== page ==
There’s no getting away from it. When it comes to church, some assembly is required. I love that little IKEA visual. It all makes it look so easy! Experience has taught many a person otherwise.
But the challenging bit of church is doing the actually church bit; assembling together.
Some assembly is required. In fact as we go into the future more assembly is going to be required.
And here’s why. As Jamie Smith points out, our actions shape our desires. And our assembly as God’s people will shape our desires in ways too profound for us to initially articulate.
If we are going to remotely resemble an alternate ethical community in our increasingly secular, non-transcendent world, then assembly is going to be required. It cannot be an optional extra to my private devotional life, whatever that is.
And as a pastor I have noticed that over the past two decades there’s been a general decrease in the number of times per month that the average church goer assembles. Regular attendance used to be three in four, now it’s about two in four.
Numerous factors are at play in the West. We’ve had the loss of any particular rhythm to the week. I’m not a sabbatarian by theological conviction, but gee we seem to have lost something!
There’s no pattern or shape to a week these days. Liturgically we’ve lost our Christian epoch calendar (it’s all BCE now); our Christian yearly calendar (End of Financial Year Celebration anyone?); and our Christian weekly calendar (no slow down, no reflection.)
Of course we can’t just blame the big, bad secular world for that last one, as the frantic method in which many of our churches run is counter to the idea of rest completely.
And not only that, the message is all too often “do more”, “try harder”, “give more”, “serve more”; as if the goal is to get people busier. Of course the pastoral staff may not hear themselves saying “Get busy!”, but our already busy people are hearing that.
In fact, anecdotally here’s a better illustration of what busy church feels like for busy people:
This church assembly thing – when it gets over complicated – is becoming emotional suicide for many.
Younger people in particular are burning out of churches at a rapid rate. Yes, some assembly is required and they signed up for it. But this? This four nights out a week? This incessant and theologically rather spurious call for “excellence in ministry”? They’re starting to check out. And then they’re pulling away from assembling altogether.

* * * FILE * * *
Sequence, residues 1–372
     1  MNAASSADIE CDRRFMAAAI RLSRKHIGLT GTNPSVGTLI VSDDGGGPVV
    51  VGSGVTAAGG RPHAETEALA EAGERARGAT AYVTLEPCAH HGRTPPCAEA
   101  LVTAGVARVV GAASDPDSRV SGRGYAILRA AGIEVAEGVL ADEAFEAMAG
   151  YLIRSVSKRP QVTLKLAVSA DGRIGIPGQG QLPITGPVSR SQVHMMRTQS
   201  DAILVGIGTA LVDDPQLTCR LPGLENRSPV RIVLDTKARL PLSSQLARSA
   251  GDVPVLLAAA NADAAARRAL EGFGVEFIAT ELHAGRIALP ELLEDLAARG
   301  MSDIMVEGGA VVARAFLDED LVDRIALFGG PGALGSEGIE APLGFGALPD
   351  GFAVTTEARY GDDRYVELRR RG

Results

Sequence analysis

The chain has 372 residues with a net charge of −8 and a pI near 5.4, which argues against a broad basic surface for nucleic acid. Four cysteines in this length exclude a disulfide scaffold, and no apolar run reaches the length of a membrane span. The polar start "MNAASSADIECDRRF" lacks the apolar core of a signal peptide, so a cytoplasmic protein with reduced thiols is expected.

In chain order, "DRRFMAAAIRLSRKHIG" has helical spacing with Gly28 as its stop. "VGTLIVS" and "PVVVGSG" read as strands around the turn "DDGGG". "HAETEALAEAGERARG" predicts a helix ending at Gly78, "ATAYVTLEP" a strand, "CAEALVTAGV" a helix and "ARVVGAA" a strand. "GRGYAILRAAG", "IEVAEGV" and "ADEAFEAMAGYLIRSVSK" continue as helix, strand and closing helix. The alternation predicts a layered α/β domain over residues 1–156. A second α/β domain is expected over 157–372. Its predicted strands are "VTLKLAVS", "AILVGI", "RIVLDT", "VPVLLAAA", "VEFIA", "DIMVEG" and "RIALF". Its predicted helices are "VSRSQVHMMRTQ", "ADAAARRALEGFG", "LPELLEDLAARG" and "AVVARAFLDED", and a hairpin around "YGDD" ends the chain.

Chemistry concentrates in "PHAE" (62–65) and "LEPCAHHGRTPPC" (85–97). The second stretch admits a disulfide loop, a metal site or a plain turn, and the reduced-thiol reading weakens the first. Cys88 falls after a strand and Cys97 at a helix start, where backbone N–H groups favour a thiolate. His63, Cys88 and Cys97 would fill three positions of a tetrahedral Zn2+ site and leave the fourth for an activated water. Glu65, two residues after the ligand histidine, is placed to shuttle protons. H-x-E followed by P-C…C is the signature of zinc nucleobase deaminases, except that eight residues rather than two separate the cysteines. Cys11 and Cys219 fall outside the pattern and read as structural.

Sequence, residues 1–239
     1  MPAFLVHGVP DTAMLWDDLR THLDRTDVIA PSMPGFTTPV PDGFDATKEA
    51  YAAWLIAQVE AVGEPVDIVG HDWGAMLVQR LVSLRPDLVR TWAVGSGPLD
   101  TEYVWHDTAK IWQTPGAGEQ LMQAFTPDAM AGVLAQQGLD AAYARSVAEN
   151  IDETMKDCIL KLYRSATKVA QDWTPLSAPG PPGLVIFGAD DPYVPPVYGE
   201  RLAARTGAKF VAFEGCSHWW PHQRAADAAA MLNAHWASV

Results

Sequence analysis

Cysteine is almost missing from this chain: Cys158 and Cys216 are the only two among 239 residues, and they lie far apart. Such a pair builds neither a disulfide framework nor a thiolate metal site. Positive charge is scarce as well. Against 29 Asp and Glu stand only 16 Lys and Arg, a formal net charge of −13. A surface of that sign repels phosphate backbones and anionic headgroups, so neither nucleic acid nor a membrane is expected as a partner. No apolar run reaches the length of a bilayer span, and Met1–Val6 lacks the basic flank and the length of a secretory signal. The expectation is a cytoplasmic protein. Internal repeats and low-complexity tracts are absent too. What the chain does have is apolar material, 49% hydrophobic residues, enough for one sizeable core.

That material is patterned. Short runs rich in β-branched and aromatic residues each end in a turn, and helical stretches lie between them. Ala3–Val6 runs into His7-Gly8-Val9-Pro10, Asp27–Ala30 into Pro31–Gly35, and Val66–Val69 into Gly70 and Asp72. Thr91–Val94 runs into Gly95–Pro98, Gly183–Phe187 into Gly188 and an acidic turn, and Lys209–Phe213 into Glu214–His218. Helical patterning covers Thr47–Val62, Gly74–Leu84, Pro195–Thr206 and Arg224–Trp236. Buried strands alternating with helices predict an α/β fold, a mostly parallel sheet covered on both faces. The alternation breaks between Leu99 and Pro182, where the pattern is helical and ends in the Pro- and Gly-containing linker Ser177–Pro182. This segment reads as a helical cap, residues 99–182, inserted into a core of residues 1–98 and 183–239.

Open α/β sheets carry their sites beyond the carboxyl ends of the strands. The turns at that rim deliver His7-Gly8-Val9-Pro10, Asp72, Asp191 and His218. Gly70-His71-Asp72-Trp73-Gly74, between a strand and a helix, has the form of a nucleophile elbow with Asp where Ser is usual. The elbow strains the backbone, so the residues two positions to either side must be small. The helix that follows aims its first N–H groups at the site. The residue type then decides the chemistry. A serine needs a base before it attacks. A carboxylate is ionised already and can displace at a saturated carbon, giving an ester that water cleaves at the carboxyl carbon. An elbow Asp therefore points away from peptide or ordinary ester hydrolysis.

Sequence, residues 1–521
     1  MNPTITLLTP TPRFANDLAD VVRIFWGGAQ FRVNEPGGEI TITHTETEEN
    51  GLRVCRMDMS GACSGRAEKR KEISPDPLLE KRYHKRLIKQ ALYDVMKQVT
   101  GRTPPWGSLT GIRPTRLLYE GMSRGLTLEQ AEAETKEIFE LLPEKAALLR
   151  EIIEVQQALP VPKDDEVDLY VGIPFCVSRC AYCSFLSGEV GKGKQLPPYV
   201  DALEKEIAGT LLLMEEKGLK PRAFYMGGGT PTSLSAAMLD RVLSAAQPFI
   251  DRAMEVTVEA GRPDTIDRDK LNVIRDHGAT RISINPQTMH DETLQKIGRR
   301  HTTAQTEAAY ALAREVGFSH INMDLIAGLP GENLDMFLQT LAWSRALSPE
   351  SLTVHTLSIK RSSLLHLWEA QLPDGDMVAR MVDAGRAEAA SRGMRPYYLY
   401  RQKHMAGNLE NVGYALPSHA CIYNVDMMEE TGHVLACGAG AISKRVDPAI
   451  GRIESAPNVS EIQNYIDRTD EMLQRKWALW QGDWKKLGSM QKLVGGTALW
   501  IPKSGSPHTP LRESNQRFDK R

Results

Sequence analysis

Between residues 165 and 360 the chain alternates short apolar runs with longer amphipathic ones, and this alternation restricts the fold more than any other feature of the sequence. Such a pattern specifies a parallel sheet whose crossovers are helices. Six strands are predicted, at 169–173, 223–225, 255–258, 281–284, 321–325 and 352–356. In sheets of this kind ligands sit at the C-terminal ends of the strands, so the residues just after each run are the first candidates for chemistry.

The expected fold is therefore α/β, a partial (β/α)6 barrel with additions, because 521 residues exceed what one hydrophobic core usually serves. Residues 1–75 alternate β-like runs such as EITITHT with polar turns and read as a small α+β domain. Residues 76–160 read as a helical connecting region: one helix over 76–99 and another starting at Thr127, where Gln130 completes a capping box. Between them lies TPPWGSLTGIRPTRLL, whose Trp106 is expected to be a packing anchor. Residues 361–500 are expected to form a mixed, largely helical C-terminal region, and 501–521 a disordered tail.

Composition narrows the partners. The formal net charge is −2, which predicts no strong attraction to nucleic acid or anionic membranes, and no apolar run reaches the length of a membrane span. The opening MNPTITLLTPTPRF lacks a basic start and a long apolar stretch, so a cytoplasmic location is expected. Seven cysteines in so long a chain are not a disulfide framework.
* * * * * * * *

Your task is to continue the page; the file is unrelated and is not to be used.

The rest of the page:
Or they’re starting to find sustainable ways to assemble that don’t feel so torturously exhausting.
And that can be helpful. But if all we have is a boom and bust cycle in which each successive generation crawls off to lick its wounds, then we’re not doing assembly as the Bible calls assembly. We’re not “one anothering” across generations and experiences and identities. We’re not doing the baton-passing thing that the New Testament speaks of when it comes to the gospel message.
The future of assembling together is going to be different to what it is today, as the business-model seeker sensitive church runs its course, and the falling away to the siren call of the Sexular Culture continues among many the progressives.
Sustainable, healthy assembly will be leaner and lighter and liturgical. Many churches are already heading in that direction.
Leaner, because money will be more of an issue, and if you don’t have a building by now there’s a chance you’ll be in “make do” mode.
Lighter, because churches will not be so program driven. Nothing wrong with programs, but once they start to lead vision rather than being lead by vision, a future generation of time-poor assemblers will trim them down. They will delete all that is not necessary.
Liturgical, because more and more Christians are requiring a framework for understanding the world that goes beyond a couple of verses and a short prayer here and there in a service surrounded by fifteen songs and a homily completely disconnected from the Bible. Am I being harsh about what is available out there? No. I’m just reporting what people tell me is happening. And sugar will not sustain you in a marathon.
Some assembly is required.
But not just some assembly. The right type of assembly.
Here’s a thought: Maybe we need to go back and read the instructions just a little bit more carefully.